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Bishop celebrates Red Mass for lawmakers

Christian Myers | Tuesday, October 8, 2013

Yesterday was a red-letter day, as members of the University community, particularly, the law school community, celebrated the traditional Red Mass in the Basilica of the Sacred Heart.

Bishop Kevin Rhoades of the Diocese of Fort Wayne-South Bend presided over this year’s iteration of the annual Red Mass. He said the Mass is a long-standing Church tradition that invokes the aid of the Holy Spirit for people in law-related vocations.

“The Red Mass is a tradition that goes back to the Middle Ages, the 13th century,” Rhoades said. “It is called ‘red’ because the priest or bishop wears red vestments, red being the color of the Holy Spirit. The purpose is asking God’s blessing and guidance on those in the legal profession.”

Rhoades said each year, the Red Mass and his homily are dedicated to a specific topic relevant for Catholics in the legal profession and civic office.

“Last year I talked about the injustice of the [Health and Human Services] mandate and religious freedom,” he said. “This year, the topic is the meaning of freedom and what a culture of freedom is. True freedom is rooted in moral truth.”

The Red Mass is celebrated worldwide each October, Rhoades said. He said he presides over two Red Masses each year, one in Fort Wayne and one in the Basilica of the Sacred Heart. This year’s Mass was his fourth at Notre Dame.

Red Masses often attract prominent members of the legal profession and politicians, Rhoades said. Me`mbers of the United States Supreme Court attended the Red Mass held in Washington, D.C., this past week, and the governor of Pennsylvania used to attend the Red Masses over which Rhoades presided when he was Bishop of Harrisburg, Pa., from 2004 to 2009.

Rhoades said various judges, lawyers and civic officials from the area joined professors, law students and undergraduate students in the Basilica for yesterday’s Red Mass.

 His homily focused on current world issues relevant to the topic, as well as the teachings of St. Thomas More, patron saint of lawyers and statesmen, and the “rich teaching of soon-to-be St. John Paul II.”

More serves as a powerful example of a faithful lawyer whose dedication to truth serves as an example for Catholics in the legal profession, Rhoades said. More died defending the freedom Rhoades spoke of in his homily.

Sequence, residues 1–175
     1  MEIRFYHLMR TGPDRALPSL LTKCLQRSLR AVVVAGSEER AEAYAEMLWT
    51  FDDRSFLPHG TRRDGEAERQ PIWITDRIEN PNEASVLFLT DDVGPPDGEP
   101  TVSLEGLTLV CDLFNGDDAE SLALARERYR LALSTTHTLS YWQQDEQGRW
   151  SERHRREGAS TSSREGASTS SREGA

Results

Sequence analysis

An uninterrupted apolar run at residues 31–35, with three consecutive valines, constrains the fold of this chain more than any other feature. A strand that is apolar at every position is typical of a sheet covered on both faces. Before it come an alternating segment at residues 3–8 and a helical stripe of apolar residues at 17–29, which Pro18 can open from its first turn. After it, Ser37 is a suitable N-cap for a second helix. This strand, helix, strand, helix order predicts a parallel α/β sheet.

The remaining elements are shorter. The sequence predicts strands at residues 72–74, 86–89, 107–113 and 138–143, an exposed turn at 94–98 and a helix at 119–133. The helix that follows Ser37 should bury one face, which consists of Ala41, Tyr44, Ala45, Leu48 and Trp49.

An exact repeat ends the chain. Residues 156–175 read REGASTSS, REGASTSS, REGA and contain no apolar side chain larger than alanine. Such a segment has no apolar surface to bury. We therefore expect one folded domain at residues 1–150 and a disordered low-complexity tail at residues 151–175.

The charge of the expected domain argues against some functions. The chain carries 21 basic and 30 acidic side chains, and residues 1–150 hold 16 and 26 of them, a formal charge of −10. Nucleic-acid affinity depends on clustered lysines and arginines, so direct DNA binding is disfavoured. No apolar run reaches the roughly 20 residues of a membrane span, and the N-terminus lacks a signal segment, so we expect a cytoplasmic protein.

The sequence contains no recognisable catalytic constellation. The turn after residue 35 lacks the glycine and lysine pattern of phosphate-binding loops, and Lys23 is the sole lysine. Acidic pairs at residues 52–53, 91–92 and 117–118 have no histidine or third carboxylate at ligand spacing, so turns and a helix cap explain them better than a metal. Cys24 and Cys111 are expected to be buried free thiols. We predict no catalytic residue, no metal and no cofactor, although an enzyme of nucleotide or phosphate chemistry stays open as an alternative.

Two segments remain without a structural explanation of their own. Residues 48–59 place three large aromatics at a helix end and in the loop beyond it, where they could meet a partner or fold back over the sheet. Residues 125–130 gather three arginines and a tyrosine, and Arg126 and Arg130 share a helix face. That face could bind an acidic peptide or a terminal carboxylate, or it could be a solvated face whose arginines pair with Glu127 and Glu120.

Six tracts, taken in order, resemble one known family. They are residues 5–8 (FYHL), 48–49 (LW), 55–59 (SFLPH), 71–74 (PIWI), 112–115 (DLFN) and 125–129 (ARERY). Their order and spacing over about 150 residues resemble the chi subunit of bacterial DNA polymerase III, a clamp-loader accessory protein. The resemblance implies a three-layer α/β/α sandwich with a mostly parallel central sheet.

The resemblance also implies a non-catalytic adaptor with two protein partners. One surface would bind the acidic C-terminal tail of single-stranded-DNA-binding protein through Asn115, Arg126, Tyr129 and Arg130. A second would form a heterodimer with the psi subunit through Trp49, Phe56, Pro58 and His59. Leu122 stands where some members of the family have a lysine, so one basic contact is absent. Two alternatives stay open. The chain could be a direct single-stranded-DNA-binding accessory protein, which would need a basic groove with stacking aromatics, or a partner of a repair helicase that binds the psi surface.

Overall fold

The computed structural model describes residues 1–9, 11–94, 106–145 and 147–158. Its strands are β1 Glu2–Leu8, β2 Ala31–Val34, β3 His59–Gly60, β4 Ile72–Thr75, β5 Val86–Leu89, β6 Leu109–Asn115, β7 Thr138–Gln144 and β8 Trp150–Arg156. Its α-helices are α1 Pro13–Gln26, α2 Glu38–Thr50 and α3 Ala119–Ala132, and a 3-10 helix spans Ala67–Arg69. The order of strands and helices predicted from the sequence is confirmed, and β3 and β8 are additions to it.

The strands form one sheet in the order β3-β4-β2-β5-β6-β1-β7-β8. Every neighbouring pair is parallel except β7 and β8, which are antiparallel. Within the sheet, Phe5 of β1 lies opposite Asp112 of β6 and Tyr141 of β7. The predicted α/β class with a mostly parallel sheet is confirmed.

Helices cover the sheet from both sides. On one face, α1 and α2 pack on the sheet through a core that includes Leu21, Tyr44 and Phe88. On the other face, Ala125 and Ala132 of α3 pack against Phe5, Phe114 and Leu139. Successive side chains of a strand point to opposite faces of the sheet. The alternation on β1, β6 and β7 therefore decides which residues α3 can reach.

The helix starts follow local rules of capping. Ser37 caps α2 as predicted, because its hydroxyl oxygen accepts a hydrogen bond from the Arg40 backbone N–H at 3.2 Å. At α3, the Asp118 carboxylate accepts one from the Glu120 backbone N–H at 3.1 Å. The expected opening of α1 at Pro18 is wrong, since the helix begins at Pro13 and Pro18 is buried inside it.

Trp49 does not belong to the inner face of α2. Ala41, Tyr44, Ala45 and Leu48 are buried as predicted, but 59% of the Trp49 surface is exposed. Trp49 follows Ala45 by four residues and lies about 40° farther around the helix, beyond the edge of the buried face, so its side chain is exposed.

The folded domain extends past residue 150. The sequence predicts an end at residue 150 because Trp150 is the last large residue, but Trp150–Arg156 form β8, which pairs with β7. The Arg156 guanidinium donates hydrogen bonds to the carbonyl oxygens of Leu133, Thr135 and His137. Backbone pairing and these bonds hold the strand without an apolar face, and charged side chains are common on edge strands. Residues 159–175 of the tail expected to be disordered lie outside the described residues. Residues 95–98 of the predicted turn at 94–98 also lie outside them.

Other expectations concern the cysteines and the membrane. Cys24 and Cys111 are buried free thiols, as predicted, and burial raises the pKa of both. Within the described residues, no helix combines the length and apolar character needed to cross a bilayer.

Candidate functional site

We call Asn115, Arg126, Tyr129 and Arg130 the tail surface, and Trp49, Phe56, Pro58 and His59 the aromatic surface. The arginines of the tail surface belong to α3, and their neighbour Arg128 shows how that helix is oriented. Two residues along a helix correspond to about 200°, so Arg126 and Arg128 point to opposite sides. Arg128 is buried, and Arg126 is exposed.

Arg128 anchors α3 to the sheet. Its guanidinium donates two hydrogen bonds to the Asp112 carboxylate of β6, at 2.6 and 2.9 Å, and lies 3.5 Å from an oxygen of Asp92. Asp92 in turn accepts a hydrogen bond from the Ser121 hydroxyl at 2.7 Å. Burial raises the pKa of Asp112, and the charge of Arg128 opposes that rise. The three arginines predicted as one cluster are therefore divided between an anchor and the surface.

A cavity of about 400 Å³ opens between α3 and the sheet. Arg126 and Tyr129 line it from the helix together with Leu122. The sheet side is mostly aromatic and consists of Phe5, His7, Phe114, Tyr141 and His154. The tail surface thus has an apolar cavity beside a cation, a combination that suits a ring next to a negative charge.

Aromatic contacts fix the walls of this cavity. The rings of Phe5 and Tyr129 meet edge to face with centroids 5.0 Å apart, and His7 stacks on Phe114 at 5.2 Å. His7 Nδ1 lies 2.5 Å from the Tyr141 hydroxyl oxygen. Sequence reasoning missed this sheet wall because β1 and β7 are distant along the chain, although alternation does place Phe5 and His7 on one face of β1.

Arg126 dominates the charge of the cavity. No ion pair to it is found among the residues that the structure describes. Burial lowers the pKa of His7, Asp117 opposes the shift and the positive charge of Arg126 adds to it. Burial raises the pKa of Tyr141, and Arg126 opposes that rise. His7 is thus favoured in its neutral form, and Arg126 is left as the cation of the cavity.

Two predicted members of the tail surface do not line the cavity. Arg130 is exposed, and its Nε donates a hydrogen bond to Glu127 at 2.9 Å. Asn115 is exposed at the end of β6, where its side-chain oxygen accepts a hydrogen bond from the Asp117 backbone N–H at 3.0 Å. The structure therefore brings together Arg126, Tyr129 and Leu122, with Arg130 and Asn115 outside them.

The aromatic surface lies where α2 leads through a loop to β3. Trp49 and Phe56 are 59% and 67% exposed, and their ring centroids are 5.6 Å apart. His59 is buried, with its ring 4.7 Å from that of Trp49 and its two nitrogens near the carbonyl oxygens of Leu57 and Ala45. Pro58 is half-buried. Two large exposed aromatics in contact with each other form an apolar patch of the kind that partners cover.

“More’s faithfulness to the truth led to his being beheaded,” Rhoades said. “He was really a martyr of freedom and conscience.”

Rhoades said he referenced the writings of Blessed John Paul II in his homily because the late pope had a great deal to say about freedom and truth.

“He wrote on this theme quite a bit, and I have reflected often on his teachings,” Rhoades said. “He taught that freedom can lead to a lot of trouble if not rooted in moral truth.” Rhoades said he values the Mass as a chance to meet, advise and pray for the Notre Dame Law community.

“[The Red Mass] gives me an opportunity to meet law students and law professors, and to encourage them in living their faith in their profession,” he said. “There are excellent scholars here who help the Church, so it’s good to come here and pray for them.”

Notre Dame’s Red Mass has always been sponsored by the Law School, but last year the political science department joined in, and this year the constitutional studies minor has followed suit, Rhoades said.

 It’s been a positive development in the last year,” he said.

In his homily, Rhoades said he believes the current and future leaders of law and civil service in attendance can work to ensure moral truth is part of a shared notion of freedom in the United States.

“You can help to rebuild the moral foundations of a genuine culture of freedom,” he said. “I believe the future of our nation depends on a culture that adheres to the moral truths and values without which our democracy is imperiled.”

Contact Christian Myers at cmyers8@nd.edu